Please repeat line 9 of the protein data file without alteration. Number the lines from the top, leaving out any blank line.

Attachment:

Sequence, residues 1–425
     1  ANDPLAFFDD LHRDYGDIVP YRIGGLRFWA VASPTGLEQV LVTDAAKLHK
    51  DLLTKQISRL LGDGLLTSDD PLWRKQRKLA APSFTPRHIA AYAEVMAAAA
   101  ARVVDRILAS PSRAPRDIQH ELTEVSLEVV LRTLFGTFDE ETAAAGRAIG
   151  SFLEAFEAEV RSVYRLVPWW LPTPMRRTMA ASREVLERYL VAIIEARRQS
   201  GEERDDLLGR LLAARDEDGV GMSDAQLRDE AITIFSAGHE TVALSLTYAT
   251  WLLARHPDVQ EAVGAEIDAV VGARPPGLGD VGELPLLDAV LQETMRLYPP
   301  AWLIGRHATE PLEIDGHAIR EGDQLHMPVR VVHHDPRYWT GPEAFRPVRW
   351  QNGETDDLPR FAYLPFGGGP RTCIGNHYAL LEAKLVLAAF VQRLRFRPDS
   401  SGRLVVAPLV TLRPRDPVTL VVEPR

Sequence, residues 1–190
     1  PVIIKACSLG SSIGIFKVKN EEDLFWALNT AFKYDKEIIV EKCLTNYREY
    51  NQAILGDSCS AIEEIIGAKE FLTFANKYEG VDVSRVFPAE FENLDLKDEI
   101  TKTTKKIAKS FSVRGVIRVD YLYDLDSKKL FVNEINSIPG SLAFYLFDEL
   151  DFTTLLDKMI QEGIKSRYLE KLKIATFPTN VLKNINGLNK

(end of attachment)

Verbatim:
   351  QNGETDDLPR FAYLPFGGGP RTCIGNHYAL LEAKLVLAAF VQRLRFRPDS